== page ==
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Not too long ago, one of our plaintiff-side readers (who probably wishes to remain nameless) sent us an opinion he had won in the Aredia/Zometa mass tort.  We put it on ice for a bit, because being defense lawyers, we weren’t going to publicize a plaintiff win of any sort unless it first got reported elsewhere or was certain to be.  That’s happened.  The opinion is now at In re Aredia and Zometa Products Liability Litigation, 2010 WL 813459 (M.D. Tenn. March 3, 2010).
We’ve read it over a couple of times, and we’re still rather confused.  But that’s OK.  Everybody else is scratching their heads, too.
It’s one of those quirks of MDL practice, a federal court in Tennessee asked to give an authoritative opinion on a state statute in Florida – when the Florida courts essentially silent.  What came out is a model of obfuscation, in a number of ways.
Background:  In 1999, the Florida legislature passed Fla. St. Ann. §768.1256(1), providing for a presumption of non-defectiveness where there was compliance with government product standards.  Specifically:

In a product liability action. . .there is a rebuttable presumption that the product is not defective or unreasonably dangerous and the manufacturer or seller is not liable if, at the time the specific unit of the product was sold or delivered. . .the aspect of the product that allegedly caused the harm:  (a) Complied with federal or state [enactments] relevant to the event causing the death or injury.

In the A&Z MDL, this statute had come up once before in In re Aredia & Zometa Products Liability Litigation (Emerson), 2009 WL 2497229 (M.D. Tenn. Aug. 13, 2009), an opinion we previously mentioned in passing here.  The defendant established the necessary FDA compliance in Emerson and therefore invoked the statutory presumption.  The plaintiff, needing something to rebut the presumption, argued fraud on the FDA.  That wasn’t very bright, as such arguments tend to be preempted under Buckman.  It was especially not bright given that this MDL happens to be in the Sixth Circuit, and the Sixth Circuit has already held that Buckman preemption extends to attempts to avoid compliance defenses.  Garcia v. Wyeth-Ayerst Laboratories, 385 F.3d 961 (6th Cir. 2004).  Thus, Emerson became another entry that we were only too happy to add to our drug preemption scorecard.
Having won once, the A&Z MDL defendant made similar motions against a bunch of other Florida plaintiffs, setting the stage for a battle royal over the meaning of the Florida statute – which hasn’t been interpreted by any court (as far as we can tell) in ten years since it was enacted in 1999.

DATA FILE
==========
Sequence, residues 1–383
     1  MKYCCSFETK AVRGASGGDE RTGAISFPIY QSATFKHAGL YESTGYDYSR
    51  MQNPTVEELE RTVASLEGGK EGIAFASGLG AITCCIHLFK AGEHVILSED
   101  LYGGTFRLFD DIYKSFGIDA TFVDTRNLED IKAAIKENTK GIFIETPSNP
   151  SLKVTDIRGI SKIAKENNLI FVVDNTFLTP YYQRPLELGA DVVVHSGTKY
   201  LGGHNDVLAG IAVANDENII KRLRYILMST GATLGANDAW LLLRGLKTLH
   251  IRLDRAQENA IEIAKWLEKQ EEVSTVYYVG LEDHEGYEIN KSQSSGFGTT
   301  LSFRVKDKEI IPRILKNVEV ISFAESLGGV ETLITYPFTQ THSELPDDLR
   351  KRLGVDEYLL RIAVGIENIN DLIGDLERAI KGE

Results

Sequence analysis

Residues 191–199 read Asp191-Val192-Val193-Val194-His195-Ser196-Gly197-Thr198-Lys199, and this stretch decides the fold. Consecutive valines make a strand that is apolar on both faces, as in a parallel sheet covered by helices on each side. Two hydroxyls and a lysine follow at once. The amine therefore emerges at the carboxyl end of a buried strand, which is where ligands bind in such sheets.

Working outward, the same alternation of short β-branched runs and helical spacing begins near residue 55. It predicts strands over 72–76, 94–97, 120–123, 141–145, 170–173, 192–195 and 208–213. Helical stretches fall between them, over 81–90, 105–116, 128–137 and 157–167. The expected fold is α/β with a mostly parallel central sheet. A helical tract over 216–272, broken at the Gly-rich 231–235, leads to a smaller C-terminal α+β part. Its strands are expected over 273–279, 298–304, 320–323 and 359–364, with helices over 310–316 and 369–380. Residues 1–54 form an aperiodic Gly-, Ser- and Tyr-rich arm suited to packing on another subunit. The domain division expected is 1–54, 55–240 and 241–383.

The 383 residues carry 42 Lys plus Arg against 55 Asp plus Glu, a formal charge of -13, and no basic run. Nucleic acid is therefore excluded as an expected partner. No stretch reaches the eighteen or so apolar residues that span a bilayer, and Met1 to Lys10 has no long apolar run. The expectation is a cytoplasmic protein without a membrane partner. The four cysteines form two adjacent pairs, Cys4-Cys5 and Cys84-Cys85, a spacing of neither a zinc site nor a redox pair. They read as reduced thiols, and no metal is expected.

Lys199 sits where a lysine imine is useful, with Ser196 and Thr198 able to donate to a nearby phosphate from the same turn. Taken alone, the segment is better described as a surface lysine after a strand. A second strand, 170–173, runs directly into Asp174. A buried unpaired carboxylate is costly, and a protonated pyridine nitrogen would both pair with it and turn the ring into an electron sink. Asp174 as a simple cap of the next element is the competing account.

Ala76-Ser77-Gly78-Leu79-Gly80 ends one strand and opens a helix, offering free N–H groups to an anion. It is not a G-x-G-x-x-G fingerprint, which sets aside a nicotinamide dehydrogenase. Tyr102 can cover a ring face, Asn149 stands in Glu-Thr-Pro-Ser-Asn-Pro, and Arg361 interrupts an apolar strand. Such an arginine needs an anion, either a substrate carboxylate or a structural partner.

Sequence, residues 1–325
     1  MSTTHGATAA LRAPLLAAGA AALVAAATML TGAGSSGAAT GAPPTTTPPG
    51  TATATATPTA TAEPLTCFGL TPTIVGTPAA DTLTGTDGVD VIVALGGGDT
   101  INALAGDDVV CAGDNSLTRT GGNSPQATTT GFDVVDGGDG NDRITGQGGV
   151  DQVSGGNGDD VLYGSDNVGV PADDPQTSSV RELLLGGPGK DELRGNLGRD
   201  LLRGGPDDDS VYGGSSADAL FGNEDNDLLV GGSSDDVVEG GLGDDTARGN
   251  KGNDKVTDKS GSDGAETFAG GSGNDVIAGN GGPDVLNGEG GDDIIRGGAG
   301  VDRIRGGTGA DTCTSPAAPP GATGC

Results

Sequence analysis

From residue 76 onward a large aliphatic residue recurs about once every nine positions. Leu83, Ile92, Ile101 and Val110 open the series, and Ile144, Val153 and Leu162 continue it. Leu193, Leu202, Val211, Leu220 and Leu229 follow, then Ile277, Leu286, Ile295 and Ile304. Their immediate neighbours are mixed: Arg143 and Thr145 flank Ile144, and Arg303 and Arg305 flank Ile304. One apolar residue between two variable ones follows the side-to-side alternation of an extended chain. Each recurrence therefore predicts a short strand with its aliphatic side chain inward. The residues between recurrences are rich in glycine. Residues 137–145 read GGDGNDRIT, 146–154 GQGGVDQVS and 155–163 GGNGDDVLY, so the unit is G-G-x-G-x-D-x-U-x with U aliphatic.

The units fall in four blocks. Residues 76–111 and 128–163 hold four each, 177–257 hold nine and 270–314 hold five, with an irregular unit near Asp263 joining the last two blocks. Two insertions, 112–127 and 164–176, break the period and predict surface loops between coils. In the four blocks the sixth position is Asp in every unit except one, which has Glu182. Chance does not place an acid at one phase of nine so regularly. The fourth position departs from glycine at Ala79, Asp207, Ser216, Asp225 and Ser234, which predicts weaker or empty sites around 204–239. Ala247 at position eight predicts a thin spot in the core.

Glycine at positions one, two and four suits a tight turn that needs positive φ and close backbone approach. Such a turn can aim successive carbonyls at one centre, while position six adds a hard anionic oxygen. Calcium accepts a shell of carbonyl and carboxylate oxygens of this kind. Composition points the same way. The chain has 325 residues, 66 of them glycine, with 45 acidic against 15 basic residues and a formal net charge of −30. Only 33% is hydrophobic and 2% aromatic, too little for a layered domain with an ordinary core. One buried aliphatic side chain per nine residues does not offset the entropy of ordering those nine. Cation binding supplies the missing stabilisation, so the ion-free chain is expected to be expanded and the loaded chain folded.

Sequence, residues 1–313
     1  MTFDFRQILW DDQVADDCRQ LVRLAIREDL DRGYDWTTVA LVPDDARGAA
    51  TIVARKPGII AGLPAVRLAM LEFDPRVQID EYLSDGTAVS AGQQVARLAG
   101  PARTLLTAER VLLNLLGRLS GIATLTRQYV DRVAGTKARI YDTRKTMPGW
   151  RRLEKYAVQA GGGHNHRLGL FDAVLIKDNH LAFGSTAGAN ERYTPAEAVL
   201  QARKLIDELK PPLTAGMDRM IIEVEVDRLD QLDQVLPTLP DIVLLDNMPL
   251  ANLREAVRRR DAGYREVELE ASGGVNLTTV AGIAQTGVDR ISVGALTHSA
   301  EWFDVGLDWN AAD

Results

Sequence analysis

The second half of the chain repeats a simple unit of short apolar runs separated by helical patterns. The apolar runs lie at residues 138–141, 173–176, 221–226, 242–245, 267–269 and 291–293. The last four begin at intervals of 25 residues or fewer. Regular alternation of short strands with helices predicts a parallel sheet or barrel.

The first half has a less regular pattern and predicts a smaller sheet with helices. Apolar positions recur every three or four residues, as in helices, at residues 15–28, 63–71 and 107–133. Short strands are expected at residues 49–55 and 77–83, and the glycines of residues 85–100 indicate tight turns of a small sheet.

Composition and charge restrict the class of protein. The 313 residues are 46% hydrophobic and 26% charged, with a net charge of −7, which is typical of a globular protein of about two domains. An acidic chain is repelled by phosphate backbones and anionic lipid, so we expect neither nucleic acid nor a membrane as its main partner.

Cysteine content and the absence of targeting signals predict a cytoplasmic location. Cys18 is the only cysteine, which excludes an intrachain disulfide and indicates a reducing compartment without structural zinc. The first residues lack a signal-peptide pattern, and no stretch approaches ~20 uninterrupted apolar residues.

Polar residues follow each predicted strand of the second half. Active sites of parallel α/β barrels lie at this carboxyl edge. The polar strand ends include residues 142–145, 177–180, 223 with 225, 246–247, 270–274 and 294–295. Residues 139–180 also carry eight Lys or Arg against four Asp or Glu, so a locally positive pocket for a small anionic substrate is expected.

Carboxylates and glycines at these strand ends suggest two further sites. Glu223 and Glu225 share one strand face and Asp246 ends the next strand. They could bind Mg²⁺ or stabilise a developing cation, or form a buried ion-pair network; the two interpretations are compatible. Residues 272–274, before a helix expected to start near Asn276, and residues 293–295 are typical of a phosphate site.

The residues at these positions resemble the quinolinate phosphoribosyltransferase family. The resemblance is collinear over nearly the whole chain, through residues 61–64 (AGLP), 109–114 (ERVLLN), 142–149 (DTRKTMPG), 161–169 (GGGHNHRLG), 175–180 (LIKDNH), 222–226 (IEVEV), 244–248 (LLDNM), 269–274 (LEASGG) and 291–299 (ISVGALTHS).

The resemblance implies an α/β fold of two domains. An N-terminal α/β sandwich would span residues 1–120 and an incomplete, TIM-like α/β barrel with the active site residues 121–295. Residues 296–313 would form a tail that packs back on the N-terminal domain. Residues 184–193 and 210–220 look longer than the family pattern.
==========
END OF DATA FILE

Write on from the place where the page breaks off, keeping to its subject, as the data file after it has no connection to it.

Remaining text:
Big let down.  Have you ever seen one of those “[so and so] went [someplace] and all I got was this lousy T-shirt” T-shirts?  Well that’s what we feel like after reading the latest opinion.  Win or lose, it would have been useful to have a little more direction.
About the only thing we can say for sure is that the second time around, the plaintiffs were more creative than in Emerson.  How creative?  That’s part of the frustration we have with this opinion – it doesn’t say.  All we know is that “[p]laintiffs make far more than one argument concerning rebutting the statutory presumption” and, we’re told, “offer a myriad of evidence in support of their position.”  Slip op. at 3-4.
We guess you had to be there.
In general, the plaintiffs argued “they can rebut this presumption by showing that these products were defective and unreasonably dangerous.”   Slip op. at 3.  That’s not terribly helpful, either.  One can rebut a presumption of non-defectiveness with unspecified evidence of defectiveness.  How profound.  That could be anything from a truism to an attempt to nullify the statute.
The opinion also makes it seem that the defendant wasn’t much more helpful, stating “Defendant contends that Plaintiffs do not proffer the type of evidence required to overcome the presumption, but Defendant never identifies what type of evidence it contends that would be.”  Slip op. at 4.
If that’s really all there was, it sounds like the “B side” (we’re dating ourselves) of the nullification argument.  On the one hand, if all it takes to “rebut” a presumption of non-defectiveness is the same evidence of defectiveness that a plaintiff would have to put on anyway to meet the normal burden of proof, then the presumption means nothing.  On the other hand, if none of a “myriad” of evidence can rebut the presumption, than it’s no longer a “rebuttable” presumption, and “rebuttable” has to mean something.
So the answer has to lay somewhere in the middle, right?
Unfortunately, the opinion is so stingy with both analysis and description, that we are left having no idea where that middle ground might be:

The Court finds that Plaintiffs have offered proof sufficient to avoid summary judgment on this issue. The statutory presumption will apply at trial, but Plaintiffs have sufficiently raised genuine issues of material fact as to their ability to rebut that presumption. A jury will have to determine whether the presumption has been overcome in each case.

Slip op. at 4.  As outside observers, this “analysis” tells us next to nothing.  How does the presumption “apply”?  What are the “genuine issues of material fact”?  No idea.  If we stretch the language a bit, we can interpret the last sentence about a “jury will have to determine” as meaning that the court has found that the presumption is not the “bubble burst” sort and will be charged to the jury as long as there is an issue of fact.  See Schultz v. Ford Motor Co., 857 N.E.2d 977 (Ind. 2006) (reaching similar result under Indiana compliance presumption statute).  But who knows.  It’s not even certain that the jury charge issue was before the court.
As far as illuminating the presumption itself, Aredia/Zometa hath labored mightily and brought forth rather less than a mouse.